Greetings to our friends and subscribers across the USA.
Today we launch our online lobby supporting Tibet.
With a few taps and swipes of your device you can ensure that your MP is made aware of Tibet’s status as an independent nation under an illegal occupation. There’s also an important question on Tibet included which asks your political representative to present to the head of Foreign Affairs.
We have today issued an appeal to the organization Save The Children, asking them to speak-out against China’s harrowing abuse of Uyghur children, detained at what are in reality indoctrination centers. The emotional and psychological damage of forced separation from their parents is traumatizing countless numbers of infants across occupied East Turkistan.
A comment often made across social media by those with an interest or sympathy towards a free Tibet is ‘I wish I could do more’. Of course unless you are able to devote time and energy towards the issue the daily demands of life, family or work understandably tend to take priority. However that does not mean that what efforts you can make are not of merit, perhaps the most valuable contribution is to share, post and promote information, reports, images on Tibet. The reason such action is so critical is due in part to an information vacuum, arising from a mainstream media which often only superficially reports on Tibet or worse, simply repeats the official line of the Chinese regime.
So getting information out there which does expose the situation inside Tibet is vital, and a few minutes sharing such accounts across your social media sites or an a Blog is an important counterbalance to the relative absence of media coverage. Secondly, it should be remembered that many people on the internet are unaware about the plight of Tibet, sharing links, images and reports is therefore a really positive and powerful way to increase understanding and knowledge. Lastly by spending a few minutes on your favorite social media and posting information about how Tibetans suffer under the grim excesses of Chinese occupation challenges the lies and denials of China’s regime. That sure generates a warm glow!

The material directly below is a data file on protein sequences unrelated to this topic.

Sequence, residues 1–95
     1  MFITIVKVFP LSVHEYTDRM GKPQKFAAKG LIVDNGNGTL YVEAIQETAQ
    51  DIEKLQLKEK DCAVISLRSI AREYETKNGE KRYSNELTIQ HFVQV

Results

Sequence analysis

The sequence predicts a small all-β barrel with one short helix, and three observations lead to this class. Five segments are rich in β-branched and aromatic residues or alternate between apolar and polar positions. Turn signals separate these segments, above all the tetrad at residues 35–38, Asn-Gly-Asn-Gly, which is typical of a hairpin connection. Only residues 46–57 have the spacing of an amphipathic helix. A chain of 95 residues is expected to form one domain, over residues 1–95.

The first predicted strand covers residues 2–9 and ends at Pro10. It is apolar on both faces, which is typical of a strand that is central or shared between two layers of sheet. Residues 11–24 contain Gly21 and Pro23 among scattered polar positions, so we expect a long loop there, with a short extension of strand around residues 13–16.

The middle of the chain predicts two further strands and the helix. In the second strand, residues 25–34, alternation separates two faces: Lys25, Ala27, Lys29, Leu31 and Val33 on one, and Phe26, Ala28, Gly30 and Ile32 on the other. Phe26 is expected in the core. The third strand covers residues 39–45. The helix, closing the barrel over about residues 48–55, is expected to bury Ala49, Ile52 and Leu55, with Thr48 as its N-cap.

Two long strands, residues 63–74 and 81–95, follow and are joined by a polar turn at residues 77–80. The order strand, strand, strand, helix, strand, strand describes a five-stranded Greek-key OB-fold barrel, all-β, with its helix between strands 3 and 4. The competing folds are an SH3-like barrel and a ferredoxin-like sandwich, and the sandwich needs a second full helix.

Being a digital warrior for a free Tibet has never been easier, with a tap, swipe or click you can ensure, in only a moment, that your friends and fellow internet users have easy access to information that mainstream media either ignores or dilutes. So, please make sure to post and share articles, news and images from our Blog, Twitter, Facebook and Google+ accounts. Such support is deeply appreciated.
We have got bad news for girls and boys around the world who maybe counting down the days to December 25 a previously unknown militia calling themselves Screw China Brigade have released a press statement today declaring that they have kidnapped Santa. The communique features a number of demands, including the following threat:
“Unless parents exercise caution and awareness in buying presents this Season and ensure they do not purchase products Made in China then Santa’s ability to deliver any gifts shall be seriously placed at risk.It’s your call people!” SCB November 25
In light of the gravity of this situation and to avoid trauma being inflicted to families we support the initiative calling for a boycott of goods made in China and advise our friends to support this action by avoiding Chinese products this forthcoming holiday season.
TYC urges Tibetans (& friends of Tibetan independence) to keep in mind two very important dates:
13th September, 2012 They urge the Regional Tibetan Youth Congress of different areas, NGOs, organizations, and individuals to organize solidarity campaigns on the 13th September, 2012 to show their strong support and solidarity to the demands and the appeal of the TYC-Indefinite hunger strike.
16th September, 2012 : Do raise the Tibetan flag outside your houses and at 8.30pm sharp that night, turn off the lights for just 2 minutes to Show solidarity with Tibetan Martrys and 3 Hunger Striker.
As distinct territories the now occupied lands of Tibet, East Turkestan, Inner Mongolia and Manchuria appeared in atlases and upon maps throughout the later 19th and 20th Centuries, See: 1911 Map Click On New Window.